Passing (2021)

Compare these coats & hats worn by Irene & Clare in the film…

Passing (2021)

With this color behind-the-scenes image of the same outfits.

Passing (2021)

Irene wears this embroidered coat early on, where it’s barely visible onscreen.

Passing (2021)

And here’s the full view posted on Marci Rogers’ Instagram.

There are also personal references that Rodgers worked into the designs. As a Howard University alum, she was pleased to help André Holland flesh out his character Brian’s background as a doctor and Irene’s husband. In Town and Country, she provides this detail:

“One day on set I was talking to André Holland and I said to him, ‘What medical school do you think Brian went to?’ And he said, ‘That’s a really good question. I’m not sure.’ I’ve done period movies and it’s one thing to put a man in a suit, but it’s another thing to put a man in a suit and to have some details. I said, ‘What do you think about Howard University?’ and he said, ‘That’s a really good idea.’

Howard University is my undergraduate alma mater, so obviously I’m biased. I contacted a colleague of mine there at what felt like the 25th hour and he gave me a Howard University lapel pin, which I used on Brian in one of his changes. When I brought it to André to put on, I think he appreciated that because it underscored certain things, as to why his character was who he was. It helped us get a little bit deeper.”

Passing (2021)

The pin is visible on many of Brian’s suits.

Another personal touch references Rodgers’ sorority at Howard, which she mentions in a News24 article:

“When I first started design, I said that if I could insert my own background story into any actress’ costume, it would probably be pearls or pink and green because those were my sorority colours at Howard University (where Kamala Harris and I were actually initiated in the same chapter). So I will always try throw somebody into some pearls — it’s my way of giving back to the sorority that chose me to be a member and to carry on our legacy and tradition.”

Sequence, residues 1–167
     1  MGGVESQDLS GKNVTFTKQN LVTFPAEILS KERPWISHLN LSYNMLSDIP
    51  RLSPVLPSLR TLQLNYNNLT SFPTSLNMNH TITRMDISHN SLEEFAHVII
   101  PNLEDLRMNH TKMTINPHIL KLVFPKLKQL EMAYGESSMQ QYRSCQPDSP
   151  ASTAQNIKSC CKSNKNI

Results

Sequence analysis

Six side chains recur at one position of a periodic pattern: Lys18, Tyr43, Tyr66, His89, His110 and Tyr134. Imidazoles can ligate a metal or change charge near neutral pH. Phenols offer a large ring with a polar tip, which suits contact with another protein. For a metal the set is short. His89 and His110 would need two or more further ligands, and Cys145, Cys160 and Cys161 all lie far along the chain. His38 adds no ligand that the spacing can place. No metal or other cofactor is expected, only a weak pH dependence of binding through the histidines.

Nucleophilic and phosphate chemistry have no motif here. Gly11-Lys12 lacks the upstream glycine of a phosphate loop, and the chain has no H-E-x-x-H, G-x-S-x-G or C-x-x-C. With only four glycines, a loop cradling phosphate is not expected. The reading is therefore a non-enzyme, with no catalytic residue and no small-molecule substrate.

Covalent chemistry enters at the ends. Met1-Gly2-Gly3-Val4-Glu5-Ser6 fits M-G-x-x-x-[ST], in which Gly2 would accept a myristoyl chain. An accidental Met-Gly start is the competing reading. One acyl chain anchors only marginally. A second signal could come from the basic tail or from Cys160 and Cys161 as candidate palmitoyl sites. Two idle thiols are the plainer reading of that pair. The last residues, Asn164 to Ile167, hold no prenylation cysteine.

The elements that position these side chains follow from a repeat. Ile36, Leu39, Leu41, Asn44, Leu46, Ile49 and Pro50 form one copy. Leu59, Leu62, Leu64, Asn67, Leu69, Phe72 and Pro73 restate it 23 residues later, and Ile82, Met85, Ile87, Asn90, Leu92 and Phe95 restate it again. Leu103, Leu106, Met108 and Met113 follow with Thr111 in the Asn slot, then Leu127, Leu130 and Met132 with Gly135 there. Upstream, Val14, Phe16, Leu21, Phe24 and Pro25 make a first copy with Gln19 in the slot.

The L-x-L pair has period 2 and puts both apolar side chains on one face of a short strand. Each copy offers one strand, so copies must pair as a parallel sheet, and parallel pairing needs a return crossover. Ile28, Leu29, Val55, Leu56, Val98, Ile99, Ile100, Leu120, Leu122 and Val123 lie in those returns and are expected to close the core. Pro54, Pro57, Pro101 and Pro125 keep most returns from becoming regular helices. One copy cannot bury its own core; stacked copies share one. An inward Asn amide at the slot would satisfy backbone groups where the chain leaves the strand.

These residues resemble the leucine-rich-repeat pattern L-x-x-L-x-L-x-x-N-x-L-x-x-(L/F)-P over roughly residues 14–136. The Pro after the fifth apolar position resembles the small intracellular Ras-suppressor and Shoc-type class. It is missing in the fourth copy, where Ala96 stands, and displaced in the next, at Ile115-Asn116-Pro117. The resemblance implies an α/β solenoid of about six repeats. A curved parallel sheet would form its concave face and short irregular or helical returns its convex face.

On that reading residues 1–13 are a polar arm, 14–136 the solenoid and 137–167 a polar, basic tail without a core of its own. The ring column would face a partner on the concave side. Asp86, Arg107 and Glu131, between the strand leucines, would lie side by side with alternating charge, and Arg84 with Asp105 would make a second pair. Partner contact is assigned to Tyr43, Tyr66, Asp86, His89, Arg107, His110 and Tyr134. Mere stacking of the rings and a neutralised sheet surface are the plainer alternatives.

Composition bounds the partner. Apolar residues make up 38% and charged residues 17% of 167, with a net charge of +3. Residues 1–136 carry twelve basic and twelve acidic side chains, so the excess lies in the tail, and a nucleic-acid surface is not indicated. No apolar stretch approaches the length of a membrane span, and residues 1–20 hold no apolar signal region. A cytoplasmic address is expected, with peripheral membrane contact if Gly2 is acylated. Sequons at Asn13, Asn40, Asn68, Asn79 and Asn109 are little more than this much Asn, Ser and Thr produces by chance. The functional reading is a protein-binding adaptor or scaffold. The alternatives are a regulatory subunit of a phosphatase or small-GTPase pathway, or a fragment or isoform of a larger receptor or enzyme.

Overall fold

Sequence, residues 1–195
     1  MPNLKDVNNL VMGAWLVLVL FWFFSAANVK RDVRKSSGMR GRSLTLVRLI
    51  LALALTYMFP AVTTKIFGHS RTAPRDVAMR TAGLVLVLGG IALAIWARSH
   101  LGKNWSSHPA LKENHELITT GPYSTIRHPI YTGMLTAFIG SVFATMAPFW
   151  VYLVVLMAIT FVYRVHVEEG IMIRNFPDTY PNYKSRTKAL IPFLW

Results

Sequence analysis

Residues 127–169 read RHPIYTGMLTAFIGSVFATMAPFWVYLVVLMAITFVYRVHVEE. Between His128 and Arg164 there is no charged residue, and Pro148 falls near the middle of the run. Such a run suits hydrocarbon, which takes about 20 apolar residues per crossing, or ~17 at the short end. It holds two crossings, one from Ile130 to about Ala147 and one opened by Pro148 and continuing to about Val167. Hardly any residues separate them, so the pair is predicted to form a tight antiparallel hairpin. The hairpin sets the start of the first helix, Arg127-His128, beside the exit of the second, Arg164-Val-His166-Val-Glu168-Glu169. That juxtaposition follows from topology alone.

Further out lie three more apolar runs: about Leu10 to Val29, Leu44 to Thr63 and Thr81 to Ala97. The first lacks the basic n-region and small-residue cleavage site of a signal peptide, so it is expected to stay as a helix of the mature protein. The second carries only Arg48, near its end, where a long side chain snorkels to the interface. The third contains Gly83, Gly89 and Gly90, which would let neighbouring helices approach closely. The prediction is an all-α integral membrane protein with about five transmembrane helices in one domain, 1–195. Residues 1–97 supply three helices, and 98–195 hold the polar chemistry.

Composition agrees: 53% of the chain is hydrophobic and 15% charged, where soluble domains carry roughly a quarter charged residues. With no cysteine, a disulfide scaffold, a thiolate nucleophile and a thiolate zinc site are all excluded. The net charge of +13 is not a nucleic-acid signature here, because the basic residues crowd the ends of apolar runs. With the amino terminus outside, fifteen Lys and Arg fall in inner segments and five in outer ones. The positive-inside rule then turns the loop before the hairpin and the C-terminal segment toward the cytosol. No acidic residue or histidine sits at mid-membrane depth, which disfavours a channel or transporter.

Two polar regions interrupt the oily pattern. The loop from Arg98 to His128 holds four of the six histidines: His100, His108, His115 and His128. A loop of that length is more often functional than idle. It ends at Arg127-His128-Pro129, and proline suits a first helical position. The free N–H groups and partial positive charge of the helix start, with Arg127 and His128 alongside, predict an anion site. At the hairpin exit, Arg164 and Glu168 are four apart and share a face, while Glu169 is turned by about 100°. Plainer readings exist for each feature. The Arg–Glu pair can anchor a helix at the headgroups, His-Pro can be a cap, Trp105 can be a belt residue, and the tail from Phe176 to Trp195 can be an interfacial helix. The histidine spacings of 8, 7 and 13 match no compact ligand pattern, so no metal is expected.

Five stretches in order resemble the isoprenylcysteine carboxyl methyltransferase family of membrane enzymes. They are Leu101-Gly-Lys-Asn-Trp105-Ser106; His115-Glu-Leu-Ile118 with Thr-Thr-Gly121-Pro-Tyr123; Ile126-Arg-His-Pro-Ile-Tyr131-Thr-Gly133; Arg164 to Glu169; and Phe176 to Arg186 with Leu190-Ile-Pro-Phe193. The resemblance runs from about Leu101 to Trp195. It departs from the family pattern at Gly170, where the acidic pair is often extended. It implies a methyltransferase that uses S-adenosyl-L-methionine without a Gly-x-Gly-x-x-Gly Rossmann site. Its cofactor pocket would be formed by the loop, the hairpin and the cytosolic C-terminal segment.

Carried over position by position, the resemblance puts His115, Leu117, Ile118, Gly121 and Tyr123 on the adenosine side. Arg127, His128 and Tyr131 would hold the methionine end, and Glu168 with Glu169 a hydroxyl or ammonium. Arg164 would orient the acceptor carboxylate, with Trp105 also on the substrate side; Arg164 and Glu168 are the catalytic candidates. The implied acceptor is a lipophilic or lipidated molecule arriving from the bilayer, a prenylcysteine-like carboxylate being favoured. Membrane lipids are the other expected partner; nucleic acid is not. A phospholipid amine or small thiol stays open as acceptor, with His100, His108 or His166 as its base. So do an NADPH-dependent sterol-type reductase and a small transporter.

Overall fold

Both Clare and Irene wear pearls at different points in this film, which is feels accurate to the period and suits the characters.

Passing (2021)

All of the accessories are well done here, especially the women’s hats. There are some amazing ’20s designs that make me suspect these hats are authentic, either that or Rodgers had a really excellent milliner on her staff.

Passing (2021)

Glam hat going to a party at the end of the movie.

Passing (2021)

Clara’s hat in the same scene.

The hair, too, is well done and shows the differences between the two main characters. The more conservative, restrained Irene wears her hair in a simple chignon at the back of her head, while the adventurous and free Clare has bobbed and bleached hair. Barbara Roman, Hair Department Head, told the Hollywood Reporter that of her work, “Period is actually my favorite.” But due to the tight budget of this film, she had only one wig for Clare, no backups, and had to maintain this one for the entire shoot.

Passing (2021)

 

 

 

Check out Passing on Netflix, if you haven’t already!

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About the author

Trystan L. Bass

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A self-described ElderGoth, Trystan has been haunting the internet since the early 1990s. Always passionate about costume, from everyday office wear to outrageous twisted historical creations, she has maintained some of the earliest online costuming-focused resources on the web. Her costuming adventures are chronicled on her website, TrystanCraft. She also ran a popular fashion blog, This Is CorpGoth, dedicated to her “office drag.”